There are many kinds of premises, in every possible field. I'll limit this question to metaphysics, although it can definitely be applied to each and every scientific/philosophical study.

For example, there are assumptions like (a) "all male are mortal", and assumptions like (b) "God exists". While we might (rationally) suggest that (a) is "more rational to assume" than (b), what makes us say such statement? How would we conclude that a certain assumption is more "rational"/"less powerful" than another assumption? On what "scale" would we determine such conclusion? Occam's razor basically says that less assumptions is ultimately more rational, but what if we have one "powerful" assumption against many "small" assumptions?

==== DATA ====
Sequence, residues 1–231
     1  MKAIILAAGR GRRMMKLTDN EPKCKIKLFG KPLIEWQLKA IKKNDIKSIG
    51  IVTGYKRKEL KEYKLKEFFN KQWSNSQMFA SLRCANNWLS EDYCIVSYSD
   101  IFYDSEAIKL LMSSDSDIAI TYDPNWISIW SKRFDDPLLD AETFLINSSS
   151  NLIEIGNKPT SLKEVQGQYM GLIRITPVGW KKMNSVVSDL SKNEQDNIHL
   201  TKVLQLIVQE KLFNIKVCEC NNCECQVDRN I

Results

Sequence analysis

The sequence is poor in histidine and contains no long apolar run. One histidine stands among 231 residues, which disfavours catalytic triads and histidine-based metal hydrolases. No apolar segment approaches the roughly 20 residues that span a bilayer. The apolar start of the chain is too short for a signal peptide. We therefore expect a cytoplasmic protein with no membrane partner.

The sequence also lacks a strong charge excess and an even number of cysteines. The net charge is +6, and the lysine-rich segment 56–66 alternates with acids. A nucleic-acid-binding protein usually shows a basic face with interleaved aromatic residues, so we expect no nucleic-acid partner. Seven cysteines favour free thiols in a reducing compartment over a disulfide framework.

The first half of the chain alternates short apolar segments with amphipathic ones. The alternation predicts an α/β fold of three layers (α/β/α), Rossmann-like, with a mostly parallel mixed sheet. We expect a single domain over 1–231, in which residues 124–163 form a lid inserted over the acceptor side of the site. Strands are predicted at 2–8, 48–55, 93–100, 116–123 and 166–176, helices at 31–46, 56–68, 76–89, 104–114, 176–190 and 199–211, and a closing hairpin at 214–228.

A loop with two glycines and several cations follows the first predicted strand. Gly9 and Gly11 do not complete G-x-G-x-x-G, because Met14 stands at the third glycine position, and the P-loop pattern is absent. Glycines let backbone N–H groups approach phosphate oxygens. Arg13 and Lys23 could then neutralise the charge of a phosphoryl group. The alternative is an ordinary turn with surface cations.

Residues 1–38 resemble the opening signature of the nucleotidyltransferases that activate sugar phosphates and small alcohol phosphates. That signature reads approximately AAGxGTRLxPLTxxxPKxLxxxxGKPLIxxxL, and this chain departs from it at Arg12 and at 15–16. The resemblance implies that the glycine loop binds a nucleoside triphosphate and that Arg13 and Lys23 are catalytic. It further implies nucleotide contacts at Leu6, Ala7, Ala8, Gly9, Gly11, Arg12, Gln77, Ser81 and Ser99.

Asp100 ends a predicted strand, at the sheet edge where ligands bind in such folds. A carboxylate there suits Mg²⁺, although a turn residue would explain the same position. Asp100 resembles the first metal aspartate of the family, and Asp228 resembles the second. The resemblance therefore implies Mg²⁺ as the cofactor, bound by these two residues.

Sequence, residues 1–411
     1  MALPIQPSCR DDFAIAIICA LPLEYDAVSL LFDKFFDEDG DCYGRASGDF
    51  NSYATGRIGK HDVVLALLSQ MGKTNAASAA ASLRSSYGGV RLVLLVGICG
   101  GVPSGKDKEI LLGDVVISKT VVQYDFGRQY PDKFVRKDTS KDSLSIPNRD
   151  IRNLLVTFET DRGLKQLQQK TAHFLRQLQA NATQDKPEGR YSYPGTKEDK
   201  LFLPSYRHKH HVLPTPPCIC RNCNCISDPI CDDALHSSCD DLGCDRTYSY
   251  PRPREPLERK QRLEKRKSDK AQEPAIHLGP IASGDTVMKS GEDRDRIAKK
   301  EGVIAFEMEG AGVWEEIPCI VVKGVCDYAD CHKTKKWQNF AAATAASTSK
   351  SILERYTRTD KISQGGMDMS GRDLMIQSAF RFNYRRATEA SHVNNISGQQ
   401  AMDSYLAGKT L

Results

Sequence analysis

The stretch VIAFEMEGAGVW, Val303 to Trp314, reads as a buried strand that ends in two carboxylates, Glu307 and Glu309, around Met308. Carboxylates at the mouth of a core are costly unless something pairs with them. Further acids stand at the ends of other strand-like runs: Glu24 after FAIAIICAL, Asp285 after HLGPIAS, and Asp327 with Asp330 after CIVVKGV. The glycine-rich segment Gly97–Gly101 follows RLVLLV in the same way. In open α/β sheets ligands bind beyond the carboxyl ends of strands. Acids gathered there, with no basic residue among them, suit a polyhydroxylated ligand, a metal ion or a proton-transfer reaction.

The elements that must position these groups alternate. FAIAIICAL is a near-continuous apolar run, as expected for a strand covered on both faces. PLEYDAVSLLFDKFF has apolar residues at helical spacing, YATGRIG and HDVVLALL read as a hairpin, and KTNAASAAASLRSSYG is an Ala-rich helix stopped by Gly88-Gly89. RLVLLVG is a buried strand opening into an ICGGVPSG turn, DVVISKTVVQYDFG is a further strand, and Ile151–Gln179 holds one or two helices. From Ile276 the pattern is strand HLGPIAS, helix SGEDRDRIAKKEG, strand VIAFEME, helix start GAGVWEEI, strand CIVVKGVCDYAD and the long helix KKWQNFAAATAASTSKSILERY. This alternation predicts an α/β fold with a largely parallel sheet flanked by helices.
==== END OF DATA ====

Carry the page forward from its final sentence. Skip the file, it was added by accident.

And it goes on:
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    You may be interested in the notion of a prior in Bayesian statistics or similar. – Noah Schweber Oct 5 '18 at 15:28
  • Occam's razor is more subtle than that, SEP has an article on parsimony principles more generally. – Conifold Oct 5 '18 at 22:07

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